The lesson? Only use open source software which connects with open source open protocol servers or better yet uses peer to peer connections.
Some open source software is not free as in beer but as long as it is free as in speech you can verify that it is not designed to hurt you.
(edit) Also using open hardware which serves you rather than another master will help.
The lesson? Online you have hardly any shot at privacy or anonymity, so stop pretending you do.
There are implementation issues. That does not mean it is impossible nor that we should stop trying.
Eh, so the Government now knows what local adolescents want to hook up? That’s the only thing I saw when I installed it.
Snark aside, always treat anything you say online as completely public and identifiable. Anonyminity is, for better or worse (probably worse) is dead. No matter how anonymous you feel, someone with determination and resources can find out who you are.
This assumes that I have an individual identity in the first place. Not everybody subscribes to this philosophy.
When people say “online” now, they typically mean the classic ARPAnet/Internet, but the word itself can be applied to any computer networks. Make some new networks and build anonymity in from the start, then you also avoid the whole ISP wiretap problem. Sure, it’s difficult, but not that difficult.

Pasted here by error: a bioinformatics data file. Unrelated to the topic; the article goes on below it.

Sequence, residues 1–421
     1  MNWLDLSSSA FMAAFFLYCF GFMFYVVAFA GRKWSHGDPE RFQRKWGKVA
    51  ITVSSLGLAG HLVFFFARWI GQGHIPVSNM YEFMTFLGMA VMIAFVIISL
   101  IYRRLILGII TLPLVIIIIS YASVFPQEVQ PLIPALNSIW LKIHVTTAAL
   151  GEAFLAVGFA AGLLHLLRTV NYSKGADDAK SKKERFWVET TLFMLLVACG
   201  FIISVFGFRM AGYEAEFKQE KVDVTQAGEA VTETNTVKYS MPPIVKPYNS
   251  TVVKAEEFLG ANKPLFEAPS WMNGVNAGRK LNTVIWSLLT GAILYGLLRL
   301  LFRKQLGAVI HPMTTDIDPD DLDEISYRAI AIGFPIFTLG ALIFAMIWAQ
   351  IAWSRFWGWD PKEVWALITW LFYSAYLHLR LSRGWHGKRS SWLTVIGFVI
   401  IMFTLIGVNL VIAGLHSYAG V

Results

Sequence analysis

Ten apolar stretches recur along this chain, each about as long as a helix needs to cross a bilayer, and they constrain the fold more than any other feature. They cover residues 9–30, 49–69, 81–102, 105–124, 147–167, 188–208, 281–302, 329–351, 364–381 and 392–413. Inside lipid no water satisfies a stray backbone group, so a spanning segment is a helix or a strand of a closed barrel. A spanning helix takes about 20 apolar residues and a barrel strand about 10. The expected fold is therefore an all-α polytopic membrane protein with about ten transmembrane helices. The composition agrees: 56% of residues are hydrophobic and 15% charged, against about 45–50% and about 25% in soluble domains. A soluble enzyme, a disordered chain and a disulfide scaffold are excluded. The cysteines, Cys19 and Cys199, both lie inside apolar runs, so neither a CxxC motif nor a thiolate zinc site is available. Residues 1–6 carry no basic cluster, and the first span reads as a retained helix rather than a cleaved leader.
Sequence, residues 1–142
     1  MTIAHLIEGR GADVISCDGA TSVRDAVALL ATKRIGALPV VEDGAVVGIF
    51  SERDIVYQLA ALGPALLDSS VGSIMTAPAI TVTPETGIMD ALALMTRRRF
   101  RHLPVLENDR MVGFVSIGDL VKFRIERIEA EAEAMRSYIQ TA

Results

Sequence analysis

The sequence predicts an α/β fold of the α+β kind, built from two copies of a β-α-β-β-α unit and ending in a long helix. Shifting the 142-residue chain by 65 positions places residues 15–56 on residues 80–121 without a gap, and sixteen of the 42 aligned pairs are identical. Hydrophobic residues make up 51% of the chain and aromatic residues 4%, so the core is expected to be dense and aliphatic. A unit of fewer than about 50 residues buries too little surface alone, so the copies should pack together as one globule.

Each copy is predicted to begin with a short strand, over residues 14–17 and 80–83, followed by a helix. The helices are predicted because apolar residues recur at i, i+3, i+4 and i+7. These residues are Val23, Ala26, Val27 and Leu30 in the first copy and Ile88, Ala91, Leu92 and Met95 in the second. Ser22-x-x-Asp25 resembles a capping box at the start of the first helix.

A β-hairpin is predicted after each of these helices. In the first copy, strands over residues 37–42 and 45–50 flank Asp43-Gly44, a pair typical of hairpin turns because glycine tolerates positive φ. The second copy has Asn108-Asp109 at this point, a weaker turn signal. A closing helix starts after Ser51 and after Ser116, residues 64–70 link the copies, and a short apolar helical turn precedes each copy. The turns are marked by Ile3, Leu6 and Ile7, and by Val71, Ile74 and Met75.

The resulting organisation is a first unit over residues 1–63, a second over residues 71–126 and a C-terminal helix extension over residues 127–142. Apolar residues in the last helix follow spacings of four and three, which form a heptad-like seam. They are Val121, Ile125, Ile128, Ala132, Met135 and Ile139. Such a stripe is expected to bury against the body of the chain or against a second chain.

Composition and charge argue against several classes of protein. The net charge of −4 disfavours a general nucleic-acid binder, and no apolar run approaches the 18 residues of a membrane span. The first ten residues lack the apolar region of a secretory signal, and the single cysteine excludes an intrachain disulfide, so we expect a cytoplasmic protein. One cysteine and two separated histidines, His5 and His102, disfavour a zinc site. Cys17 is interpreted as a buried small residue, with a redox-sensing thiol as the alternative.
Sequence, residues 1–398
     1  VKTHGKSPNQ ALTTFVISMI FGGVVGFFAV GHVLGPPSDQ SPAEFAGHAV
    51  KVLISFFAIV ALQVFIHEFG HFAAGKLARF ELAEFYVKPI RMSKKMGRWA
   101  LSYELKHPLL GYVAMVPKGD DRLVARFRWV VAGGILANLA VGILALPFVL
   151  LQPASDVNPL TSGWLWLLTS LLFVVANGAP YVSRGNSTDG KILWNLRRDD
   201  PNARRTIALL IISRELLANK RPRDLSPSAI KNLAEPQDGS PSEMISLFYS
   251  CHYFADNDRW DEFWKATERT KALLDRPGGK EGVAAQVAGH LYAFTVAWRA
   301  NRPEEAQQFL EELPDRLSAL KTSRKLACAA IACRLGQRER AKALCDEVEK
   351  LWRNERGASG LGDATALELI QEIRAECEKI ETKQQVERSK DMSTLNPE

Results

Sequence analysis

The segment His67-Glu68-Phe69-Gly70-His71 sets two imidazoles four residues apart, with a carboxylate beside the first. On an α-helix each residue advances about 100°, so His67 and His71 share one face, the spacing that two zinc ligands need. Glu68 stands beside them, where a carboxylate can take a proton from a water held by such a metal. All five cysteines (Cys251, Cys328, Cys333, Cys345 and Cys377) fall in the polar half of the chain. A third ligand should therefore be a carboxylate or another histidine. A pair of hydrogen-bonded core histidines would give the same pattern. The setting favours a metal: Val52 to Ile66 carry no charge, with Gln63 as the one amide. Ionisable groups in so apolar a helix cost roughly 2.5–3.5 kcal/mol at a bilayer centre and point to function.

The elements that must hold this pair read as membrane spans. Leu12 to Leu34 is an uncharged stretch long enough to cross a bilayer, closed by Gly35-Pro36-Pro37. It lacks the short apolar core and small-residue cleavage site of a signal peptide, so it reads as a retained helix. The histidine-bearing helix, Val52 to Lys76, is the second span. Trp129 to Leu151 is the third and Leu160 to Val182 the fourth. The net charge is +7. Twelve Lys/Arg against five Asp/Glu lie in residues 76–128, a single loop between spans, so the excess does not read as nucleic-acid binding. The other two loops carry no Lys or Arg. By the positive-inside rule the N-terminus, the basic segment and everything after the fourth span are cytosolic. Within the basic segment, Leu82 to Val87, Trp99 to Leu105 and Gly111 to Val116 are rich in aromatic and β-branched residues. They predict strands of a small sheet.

Yes. Yes, and yes. Implementation is sort of the huge problem. All the parts must work together perfectly or there is compromise. My computer must work, the network I’m on must work, the links between me and the computer on the far end must work, the computer on the far end must work, and the users at both ends must work. Lots of places to insert, and at some point, the communication MUST be unencrypted…
Ahhh! Its the Borg!
Sorry. Not enough coffee yet.
Until someone taps it, or makes a deal with whoever is supplying encryption, or someone owns the servers. Or until a backdoor in another interconnected domain compromises it. Or until an untrusted 3rd party gains access. Or until normal bugs create a huge exploit… Or…
An analysis of the app from iPhone forensics expert Jonathan Zdziarski:
the Whisper app does not appear to be a social networking application with analytics; it appears to be an analytics and user acquisition application that also happens to have a social networking component. With this come a few concerns about privacy and anonymity.
After reading the Guardian article and this blog post, the entire app smells fishy.
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